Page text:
Ranjona Banerji: Faulty faculty at journalism schools

27 Feb,2015

By Ranjona Banerji


Discussions about the future of journalism and journalism trends in India tend to get terribly depressing, especially if the discussion is amongst journalists over the age of 40. A friend who has started guest lectures at a well-known journalism school is appalled at the quality of both students and faculty. One uses the word faculty cautiously here. All too often, people with minimum or no experience are made heads of departments and what they teach is open to speculation. As for the students, they are caught up with the glamour of TV and dream every night of their families watching them interview Ranbir Kapoor and Narendra Modi every single day.


But one cannot blame the students. It is not their fault that teaching in schools is pathetic – at least judging from the entrance tests that I have conducted over the years where both general knowledge and language skills have been dismal. It is not their fault that the way they understand journalism is from TV. The young do not read newspapers and when and if they do, it’s usually that glamour stuff. And in today’s India, the glamour stuff is not journalism but paid content cooked up by PR and marketing people.


Is it surprising that a growing number of young journalists who cut their eyeteeth in the “glamour” beats switch to PR? They know that that is where the real power is when it comes to film stars and movies.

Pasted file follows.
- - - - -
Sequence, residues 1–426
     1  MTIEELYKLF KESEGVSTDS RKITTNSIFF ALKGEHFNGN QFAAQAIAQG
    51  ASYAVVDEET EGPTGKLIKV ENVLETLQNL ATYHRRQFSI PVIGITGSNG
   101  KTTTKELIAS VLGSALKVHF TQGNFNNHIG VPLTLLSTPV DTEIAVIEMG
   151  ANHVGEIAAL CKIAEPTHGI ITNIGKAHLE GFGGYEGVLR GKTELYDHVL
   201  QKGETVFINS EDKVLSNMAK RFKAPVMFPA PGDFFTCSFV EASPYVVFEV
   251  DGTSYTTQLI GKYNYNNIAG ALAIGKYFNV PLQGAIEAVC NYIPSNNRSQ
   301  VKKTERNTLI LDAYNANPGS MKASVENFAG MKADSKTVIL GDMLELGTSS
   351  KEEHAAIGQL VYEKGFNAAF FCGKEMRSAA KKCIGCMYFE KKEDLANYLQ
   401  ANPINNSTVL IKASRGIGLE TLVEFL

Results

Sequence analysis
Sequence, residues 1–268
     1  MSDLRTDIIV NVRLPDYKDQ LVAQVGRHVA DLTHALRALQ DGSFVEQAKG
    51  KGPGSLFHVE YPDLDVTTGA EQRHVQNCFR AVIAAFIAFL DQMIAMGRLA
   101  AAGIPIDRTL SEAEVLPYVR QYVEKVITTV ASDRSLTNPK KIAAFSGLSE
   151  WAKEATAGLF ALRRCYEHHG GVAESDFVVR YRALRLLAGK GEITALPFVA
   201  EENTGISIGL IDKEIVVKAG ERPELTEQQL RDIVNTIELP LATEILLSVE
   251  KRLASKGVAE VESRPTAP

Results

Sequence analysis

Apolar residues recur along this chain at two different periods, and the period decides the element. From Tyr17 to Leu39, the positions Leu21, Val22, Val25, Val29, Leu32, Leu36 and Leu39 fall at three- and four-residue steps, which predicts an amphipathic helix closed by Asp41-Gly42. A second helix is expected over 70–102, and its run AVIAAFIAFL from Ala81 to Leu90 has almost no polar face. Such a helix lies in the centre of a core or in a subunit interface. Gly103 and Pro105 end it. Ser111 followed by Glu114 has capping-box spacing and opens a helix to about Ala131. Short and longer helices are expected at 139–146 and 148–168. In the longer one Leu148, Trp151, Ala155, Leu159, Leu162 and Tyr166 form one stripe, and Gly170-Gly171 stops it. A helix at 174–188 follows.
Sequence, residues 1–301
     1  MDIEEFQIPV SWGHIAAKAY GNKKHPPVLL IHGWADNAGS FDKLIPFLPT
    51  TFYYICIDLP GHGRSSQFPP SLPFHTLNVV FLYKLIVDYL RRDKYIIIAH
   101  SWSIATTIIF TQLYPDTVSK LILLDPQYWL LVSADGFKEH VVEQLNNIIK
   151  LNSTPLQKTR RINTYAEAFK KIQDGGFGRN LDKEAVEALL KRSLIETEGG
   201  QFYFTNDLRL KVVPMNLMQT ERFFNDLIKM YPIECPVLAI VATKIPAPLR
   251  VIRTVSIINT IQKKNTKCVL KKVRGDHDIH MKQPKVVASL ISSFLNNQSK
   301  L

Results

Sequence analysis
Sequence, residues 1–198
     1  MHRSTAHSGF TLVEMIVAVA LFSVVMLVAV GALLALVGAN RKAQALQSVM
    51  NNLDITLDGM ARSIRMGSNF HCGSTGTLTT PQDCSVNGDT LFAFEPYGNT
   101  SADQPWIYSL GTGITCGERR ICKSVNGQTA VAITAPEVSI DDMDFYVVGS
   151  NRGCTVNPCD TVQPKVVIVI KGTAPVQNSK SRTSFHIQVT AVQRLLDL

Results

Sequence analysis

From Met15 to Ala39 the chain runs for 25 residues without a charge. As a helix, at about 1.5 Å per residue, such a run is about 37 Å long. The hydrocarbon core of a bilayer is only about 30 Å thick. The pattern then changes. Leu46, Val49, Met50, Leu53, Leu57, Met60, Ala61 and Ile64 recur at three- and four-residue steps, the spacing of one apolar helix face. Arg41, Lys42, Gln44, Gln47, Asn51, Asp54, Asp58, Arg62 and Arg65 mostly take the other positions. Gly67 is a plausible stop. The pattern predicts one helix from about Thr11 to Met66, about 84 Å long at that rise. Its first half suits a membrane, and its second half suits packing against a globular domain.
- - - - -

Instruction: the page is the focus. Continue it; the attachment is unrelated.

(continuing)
But there’s another conundrum at work here, brought up by a conversation with another old friend: older journalists who turn to general PR and then become experts on how journalists should behave. Unlike the young people, this lot is excessively annoying. In many cases, you know just how good or bad they were in their former profession and how badly placed they are to be “experts” in anything at all. And yet they hold forth on how journalists should behave.


Unfortunately, as with any profession, the more you stay away the less connected you become. But journalism being what it is, the pull remains and this causes a sort of bitterness and resentment at what you have given up. And, let’s be honest, the power you’ve lost. It is this bitterness and regret that tints their diatribes against journalists.


I am willing to concede that journalists can behave very badly with PR people, ask for all kinds of favours and not do their homework. And those are genuine complaints from PR people, whether they were former journalists or not. But if journalists-turned PR professionals do not want to lose all respect of their former colleagues, they need to hold back on the gratuitous and frankly often idiotic advice.




The Railway Budget, as is our wont in India, led to interminable discussions on matters that most people are not really interested in. I wish TV anchors would ask their “experts” just one question before they invite them to share their views: “How often do you travel by train in India?”


That might give us some real opinions instead of what we are saddled with. No doubt, The Budget on Saturday will give us more of the same…




The world of Twitter on Thursday/Friday was consumed by a question of whether a particular dress was black and blue or white and gold. Yeah, right. Priorities.


As ever, mashable.com had the answer: http://mashable.com/2015/02/26/dress-white-gold-blue-black/?utm_cid=mash-com-Tw-main-link



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